Day after day, a continuous increase in the number of Children has led to the current number of 40 beneficiaries.


During this first year, the project has been further developed with the activities described here following:



During the second year of the project implementation, HELP/Nepal rented and restructured a building in the surroundings of the Pashupati Temple.


Today “our street Children” can say: “I am tired, I want to go home”. A big deal has been reached!


Hamro Ghar (our home) develops on three floors and is made up of 4 bedrooms, a kitchen, a living room, toilets on every floor, 5 showers, 3 classrooms with blackboard, an infirmary and an office. Three people from the staff of HELP/Nepal live with the Children and take care of them and of the house for 24 hours a day. Every day a nurse is at Hamro Ghar for the whole day and follows the Children as for their health and personal hygiene.



The main objective of the project remains improving the life conditions of street Children in the area of  Pashupati.


This can be done:

-          by continuing to help the children who have lived in Hamro Ghar for several months.

-          by helping the Children who live with their families in Pashupati, but who spend most of their day in the street.

-          by offering new opportunities to the Children who live in Hamro Ghar, helping them to plan their future.


The visible improvement of the life conditions of these Children represents an important stimulus for us in continuing our action to find out new solutions to build the children’s future together with them. For this reason it is fundamental to help new Children and to give new opportunities to those already living with us.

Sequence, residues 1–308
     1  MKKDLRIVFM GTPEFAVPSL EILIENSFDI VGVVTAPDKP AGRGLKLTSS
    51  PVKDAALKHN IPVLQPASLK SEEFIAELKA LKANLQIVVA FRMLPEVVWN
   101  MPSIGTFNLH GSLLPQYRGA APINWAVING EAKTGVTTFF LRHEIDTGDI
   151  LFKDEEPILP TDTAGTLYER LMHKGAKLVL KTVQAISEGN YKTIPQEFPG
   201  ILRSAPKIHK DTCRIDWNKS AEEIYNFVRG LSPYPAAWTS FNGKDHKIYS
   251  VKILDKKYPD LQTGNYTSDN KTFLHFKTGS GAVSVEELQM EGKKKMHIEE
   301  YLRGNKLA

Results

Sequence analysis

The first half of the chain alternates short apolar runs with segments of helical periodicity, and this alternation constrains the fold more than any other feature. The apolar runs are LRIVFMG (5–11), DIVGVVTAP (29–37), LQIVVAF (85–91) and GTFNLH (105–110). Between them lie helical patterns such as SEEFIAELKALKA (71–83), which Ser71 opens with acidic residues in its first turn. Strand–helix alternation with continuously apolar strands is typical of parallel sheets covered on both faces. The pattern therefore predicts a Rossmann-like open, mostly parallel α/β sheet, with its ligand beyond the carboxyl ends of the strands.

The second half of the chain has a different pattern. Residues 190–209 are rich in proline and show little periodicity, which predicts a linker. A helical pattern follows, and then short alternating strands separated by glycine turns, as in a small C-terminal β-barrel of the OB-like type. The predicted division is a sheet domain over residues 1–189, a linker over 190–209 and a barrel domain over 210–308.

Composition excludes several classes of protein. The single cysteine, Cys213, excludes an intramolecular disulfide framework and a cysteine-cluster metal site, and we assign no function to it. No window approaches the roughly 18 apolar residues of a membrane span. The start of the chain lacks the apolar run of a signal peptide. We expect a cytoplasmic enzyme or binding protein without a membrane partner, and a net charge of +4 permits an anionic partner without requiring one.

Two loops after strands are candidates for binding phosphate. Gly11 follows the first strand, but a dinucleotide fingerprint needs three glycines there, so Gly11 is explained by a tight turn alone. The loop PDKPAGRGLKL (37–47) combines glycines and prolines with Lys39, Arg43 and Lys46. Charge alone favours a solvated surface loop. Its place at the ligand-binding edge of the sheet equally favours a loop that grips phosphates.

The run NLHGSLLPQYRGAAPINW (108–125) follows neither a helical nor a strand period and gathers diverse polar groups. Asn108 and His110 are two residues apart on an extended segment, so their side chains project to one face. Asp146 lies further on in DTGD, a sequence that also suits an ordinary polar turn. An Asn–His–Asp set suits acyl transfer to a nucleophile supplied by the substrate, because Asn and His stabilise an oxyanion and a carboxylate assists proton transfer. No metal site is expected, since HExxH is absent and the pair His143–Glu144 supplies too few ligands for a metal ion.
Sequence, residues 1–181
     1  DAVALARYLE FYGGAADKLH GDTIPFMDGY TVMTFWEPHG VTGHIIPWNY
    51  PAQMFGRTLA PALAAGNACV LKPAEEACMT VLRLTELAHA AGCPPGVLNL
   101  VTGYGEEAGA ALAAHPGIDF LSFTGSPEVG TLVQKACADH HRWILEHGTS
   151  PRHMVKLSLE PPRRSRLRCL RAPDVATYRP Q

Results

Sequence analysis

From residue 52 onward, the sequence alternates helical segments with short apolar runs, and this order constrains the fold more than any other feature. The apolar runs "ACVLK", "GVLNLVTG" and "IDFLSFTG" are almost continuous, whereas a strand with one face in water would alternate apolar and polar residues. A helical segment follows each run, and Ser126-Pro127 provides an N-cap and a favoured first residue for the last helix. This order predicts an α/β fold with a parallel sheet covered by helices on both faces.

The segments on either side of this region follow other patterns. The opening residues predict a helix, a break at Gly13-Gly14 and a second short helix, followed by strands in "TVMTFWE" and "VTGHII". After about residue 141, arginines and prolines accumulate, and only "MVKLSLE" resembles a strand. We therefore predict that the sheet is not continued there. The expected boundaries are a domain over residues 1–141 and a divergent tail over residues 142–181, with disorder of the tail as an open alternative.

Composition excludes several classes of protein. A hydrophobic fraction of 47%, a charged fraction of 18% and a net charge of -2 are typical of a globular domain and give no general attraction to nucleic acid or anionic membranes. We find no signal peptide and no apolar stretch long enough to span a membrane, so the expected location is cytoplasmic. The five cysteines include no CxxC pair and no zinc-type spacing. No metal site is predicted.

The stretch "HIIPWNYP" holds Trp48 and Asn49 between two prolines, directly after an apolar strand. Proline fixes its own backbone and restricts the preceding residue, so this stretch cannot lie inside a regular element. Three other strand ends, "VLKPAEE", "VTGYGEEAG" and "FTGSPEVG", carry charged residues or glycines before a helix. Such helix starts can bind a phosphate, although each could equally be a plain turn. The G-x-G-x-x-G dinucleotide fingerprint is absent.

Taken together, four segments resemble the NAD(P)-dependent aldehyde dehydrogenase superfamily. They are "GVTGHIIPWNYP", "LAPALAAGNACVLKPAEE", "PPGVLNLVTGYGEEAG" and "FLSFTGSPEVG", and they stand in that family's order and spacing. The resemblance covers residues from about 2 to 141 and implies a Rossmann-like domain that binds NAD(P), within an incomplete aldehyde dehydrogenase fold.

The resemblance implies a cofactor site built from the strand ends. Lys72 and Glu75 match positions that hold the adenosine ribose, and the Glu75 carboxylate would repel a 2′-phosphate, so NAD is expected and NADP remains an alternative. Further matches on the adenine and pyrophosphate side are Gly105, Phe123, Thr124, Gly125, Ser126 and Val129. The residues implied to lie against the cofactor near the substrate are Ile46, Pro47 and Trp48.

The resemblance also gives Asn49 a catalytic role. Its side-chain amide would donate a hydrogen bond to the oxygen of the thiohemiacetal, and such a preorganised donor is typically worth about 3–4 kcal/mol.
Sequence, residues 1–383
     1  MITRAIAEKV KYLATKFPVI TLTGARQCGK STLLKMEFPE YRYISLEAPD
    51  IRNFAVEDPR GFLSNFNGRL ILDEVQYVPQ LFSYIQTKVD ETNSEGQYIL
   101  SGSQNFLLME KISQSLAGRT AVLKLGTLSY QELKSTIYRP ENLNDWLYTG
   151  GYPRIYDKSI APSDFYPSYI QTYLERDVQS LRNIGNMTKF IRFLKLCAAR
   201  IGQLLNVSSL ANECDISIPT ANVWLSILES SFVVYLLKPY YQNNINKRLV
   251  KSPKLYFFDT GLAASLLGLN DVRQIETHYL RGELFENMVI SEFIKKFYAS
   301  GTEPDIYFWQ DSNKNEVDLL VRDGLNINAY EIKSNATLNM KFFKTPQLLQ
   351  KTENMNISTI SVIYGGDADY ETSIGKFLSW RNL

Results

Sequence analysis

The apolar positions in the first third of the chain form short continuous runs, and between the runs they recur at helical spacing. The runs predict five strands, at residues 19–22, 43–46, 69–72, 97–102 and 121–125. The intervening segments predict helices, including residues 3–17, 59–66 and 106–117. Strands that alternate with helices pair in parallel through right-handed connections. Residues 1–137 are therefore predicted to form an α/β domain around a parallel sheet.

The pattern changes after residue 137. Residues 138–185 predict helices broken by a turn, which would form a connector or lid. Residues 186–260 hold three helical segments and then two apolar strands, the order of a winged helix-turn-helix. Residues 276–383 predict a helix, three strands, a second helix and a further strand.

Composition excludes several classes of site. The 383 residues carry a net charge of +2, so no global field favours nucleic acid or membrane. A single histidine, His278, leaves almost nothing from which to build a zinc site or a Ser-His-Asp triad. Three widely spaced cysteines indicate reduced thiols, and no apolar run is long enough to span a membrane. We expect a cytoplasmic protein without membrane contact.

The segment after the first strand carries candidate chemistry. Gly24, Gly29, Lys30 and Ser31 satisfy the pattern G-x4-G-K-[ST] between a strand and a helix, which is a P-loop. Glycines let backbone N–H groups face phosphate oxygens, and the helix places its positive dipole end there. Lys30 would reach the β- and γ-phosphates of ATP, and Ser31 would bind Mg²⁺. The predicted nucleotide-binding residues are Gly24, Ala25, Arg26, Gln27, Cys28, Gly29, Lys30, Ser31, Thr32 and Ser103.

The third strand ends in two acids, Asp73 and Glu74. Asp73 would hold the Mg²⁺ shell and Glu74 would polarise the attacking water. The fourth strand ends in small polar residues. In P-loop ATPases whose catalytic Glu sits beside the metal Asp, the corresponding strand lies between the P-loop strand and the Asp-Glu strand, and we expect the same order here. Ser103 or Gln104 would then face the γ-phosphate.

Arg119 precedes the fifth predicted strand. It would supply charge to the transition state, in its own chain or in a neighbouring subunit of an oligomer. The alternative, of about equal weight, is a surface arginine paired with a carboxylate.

Bringing new Children to Hamro Ghar will allow us to start a new process to keep them far from the street. In addition to what Hamro Ghar already offers to the Children attending the house, we would like to realise the following activities:


1.       Establishing a direct contact with these Children through the mediation of an educator.

2.       Through the support of a facilitator, creating a collaboration relationship with their families, in order for them to take part to the growth of their Children.

3.       Involving the local community in recognising street Children as its own members and leading it to become our active collaborator in our helping action.


Further developing the support relationship with those Children who already live at Hamro Ghar will allow us to give them the necessary tools to be able to choose their future. In order to do that, we are planning to:


1.       Finance 25 more scholarships in order for the Children who have reached the best result at school to continue their studies.

2.       Finance 25 scholarships for professional training schools for the Children who attend Hamro Ghar.

3.       Give constant psychological support to all the Children who attend Hamro Ghar.

4.       Organise a course of health education

5.       Start afternoon activities separated for younger and older Children, among which:

-          A course of cricket (national sport) in order to strengthen through playing the sense of belonging to a group and in order to make it easier for the Children to understand the importance of respecting rules.

-          Courses of orientation to carpentry, electrical engineering, plumber, and mechanics, in order to help the Children choosing a possible future job.